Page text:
Last week, Governor Rauner vetoed a bill that would provide MAP funding to over 100,000 students who are currently receiving nothing. When the House tried to override his veto, they failed by a mere two votes, without a single Republican sticking up for low-income students. It’s despicable, really. Even Republican Representative Chapin Rose, who represents the 51st district and many, many university employees, missed the vote to override the veto because of “food poisoning.”

Pardon my crass language, but are you fucking kidding me? Your constituents livelihoods are at stake and you don’t vote on it because you’re sick? I don’t care if you can’t hold food down; get a trash can, set it next to your desk, and represent your constituents like you were voted into office to do.

Believe me, I understand our state is in a dire position due to decades of mismanagement. I get it, I really do. I know Rauner came to office riding the wave of pissed off voters in Illinois who wanted to see our state turn into a bastion of business and profit, but since his election, Rauner has done absolutely nothing but hurt downstate constituents by refusing to compromise on a budget.

Governor Rauner, I implore you. Please listen to reason. Holding higher education funding hostage in order to pass a budget is obscene. Chicago State, Eastern Illinois, Western Illinois and every other state school in Illinois provides vital services.

Perhaps the governor doesn’t get this because he was born in a northern suburb of Chicago to a lawyer and Motorola executive, was educated at Harvard and Dartmouth, and has never had to worry about funding his education in his entire life. But these students, no matter their income, matter. Giving a student from a bad neighborhood in Chicago or Champaign a scholarship to Eastern or CSU or Southern is part of what makes this country great. It’s what enables the American Dream I’m sure Rauner spouts about all the time. Can you imagine what would happen to a town like Charleston or Macomb if you took their universities away? Those are the equivalent of one-industry towns, and would see an economic collapse if their industry is taken away.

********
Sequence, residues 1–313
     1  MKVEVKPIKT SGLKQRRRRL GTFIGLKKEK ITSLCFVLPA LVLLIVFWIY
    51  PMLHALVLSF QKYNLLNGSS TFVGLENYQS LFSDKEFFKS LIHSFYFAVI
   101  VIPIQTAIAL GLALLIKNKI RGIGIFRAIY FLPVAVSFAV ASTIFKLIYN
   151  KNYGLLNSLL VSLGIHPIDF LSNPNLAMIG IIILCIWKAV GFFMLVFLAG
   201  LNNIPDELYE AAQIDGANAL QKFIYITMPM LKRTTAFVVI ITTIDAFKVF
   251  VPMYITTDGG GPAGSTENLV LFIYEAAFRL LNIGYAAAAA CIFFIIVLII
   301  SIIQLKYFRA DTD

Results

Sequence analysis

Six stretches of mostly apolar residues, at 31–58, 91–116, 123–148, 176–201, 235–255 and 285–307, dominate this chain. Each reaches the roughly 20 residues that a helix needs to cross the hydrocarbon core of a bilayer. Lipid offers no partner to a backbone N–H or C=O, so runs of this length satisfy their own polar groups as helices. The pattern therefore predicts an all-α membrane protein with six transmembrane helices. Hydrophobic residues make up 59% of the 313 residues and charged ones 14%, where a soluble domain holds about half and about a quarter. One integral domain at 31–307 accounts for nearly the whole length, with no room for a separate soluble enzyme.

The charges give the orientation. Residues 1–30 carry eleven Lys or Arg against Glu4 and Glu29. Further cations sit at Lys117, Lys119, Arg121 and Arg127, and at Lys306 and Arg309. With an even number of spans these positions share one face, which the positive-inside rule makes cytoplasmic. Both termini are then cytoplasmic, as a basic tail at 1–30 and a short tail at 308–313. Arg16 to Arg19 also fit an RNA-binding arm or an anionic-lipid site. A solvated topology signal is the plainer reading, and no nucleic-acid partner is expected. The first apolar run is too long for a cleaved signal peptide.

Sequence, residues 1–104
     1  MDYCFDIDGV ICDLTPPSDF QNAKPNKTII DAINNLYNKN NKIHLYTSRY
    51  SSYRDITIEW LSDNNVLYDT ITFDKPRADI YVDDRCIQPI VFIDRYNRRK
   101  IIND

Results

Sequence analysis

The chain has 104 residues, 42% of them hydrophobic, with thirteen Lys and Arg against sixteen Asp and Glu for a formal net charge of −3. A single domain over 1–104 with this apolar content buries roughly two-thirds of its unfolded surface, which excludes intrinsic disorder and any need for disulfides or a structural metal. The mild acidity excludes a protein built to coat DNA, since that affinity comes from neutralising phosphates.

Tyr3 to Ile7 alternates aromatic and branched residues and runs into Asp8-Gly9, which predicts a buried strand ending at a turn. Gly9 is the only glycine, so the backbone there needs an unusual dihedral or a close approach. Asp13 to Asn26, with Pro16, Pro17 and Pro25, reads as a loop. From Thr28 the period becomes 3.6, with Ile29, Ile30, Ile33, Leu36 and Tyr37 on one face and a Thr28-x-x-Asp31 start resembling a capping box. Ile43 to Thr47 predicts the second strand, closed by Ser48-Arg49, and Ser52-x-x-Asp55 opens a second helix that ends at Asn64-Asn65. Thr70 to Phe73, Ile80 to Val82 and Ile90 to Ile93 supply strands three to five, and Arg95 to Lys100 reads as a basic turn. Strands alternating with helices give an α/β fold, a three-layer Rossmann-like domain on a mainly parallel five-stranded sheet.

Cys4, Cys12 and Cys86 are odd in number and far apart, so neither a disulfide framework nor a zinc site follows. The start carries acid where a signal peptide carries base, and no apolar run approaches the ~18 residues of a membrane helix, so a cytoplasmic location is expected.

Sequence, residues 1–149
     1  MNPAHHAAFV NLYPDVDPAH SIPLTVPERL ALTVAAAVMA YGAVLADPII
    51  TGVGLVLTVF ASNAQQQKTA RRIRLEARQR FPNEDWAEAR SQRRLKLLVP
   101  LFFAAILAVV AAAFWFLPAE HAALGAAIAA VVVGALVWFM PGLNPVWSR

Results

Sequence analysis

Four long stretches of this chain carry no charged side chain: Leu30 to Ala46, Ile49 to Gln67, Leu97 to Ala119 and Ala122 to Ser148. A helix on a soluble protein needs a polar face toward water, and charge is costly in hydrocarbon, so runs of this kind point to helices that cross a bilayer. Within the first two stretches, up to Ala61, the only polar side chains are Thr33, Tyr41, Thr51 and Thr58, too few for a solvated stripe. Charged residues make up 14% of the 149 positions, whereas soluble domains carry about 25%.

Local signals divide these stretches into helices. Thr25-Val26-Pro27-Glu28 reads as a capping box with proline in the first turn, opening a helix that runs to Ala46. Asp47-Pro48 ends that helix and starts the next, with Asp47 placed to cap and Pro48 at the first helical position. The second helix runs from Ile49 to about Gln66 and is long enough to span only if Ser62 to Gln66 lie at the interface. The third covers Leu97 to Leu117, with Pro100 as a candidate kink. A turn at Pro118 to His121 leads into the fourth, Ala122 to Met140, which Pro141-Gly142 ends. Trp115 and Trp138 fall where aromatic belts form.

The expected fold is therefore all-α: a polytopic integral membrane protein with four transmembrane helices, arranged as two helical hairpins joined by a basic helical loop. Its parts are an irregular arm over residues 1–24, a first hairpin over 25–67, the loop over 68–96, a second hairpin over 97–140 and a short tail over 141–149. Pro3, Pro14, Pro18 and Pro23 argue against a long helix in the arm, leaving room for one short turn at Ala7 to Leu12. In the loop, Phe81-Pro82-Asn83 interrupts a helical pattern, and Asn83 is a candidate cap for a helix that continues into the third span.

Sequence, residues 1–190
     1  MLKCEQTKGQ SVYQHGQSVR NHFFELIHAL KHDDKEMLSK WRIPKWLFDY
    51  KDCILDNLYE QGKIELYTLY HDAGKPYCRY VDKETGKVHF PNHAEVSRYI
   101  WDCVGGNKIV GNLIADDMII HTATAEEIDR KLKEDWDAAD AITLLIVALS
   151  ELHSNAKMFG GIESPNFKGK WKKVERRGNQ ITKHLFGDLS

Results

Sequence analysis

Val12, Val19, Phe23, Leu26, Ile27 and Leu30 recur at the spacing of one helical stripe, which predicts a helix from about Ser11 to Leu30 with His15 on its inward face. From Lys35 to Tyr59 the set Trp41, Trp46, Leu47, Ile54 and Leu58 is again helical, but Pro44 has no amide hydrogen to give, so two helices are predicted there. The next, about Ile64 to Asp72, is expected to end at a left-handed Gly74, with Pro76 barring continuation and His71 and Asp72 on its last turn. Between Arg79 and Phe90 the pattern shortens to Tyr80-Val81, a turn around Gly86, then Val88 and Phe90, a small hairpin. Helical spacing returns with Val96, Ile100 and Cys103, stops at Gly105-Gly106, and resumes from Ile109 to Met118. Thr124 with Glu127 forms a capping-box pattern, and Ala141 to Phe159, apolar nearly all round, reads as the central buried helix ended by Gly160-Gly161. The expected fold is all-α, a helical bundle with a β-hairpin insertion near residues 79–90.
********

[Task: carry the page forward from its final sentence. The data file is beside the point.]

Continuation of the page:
So please, Governor Rauner, on behalf of the janitor laid off at EIU with a family and bills to pay, on behalf of the student on scholarship at Chicago State whose money has disappeared, and on behalf of the prospective student who is applying to schools in Indiana because they’re not certain if Illinois’ colleges will even be open another year, reach a compromise on this budget issue. These aren’t the people who deserve to be targeted. Point blank. Bottom line. There has to be something else to cut from. Not education. These are kids who have done nothing wrong – why are we destroying their future?

This isn’t just spectatorship anymore. As much as CNN would like to say otherwise, isn’t a political game. These are the lives of human beings that are willfully being destroyed in order to push a brutal agenda. These are kids, who just want to get a better life for themselves. They’re professors and staff members who have had their job for decades – and now, all because of a bull-headed governor, their lives are being turned upside down.

If you want to learn more about the budget impasse and hear from local lawmakers, check out The Round Table tonight at The Accord.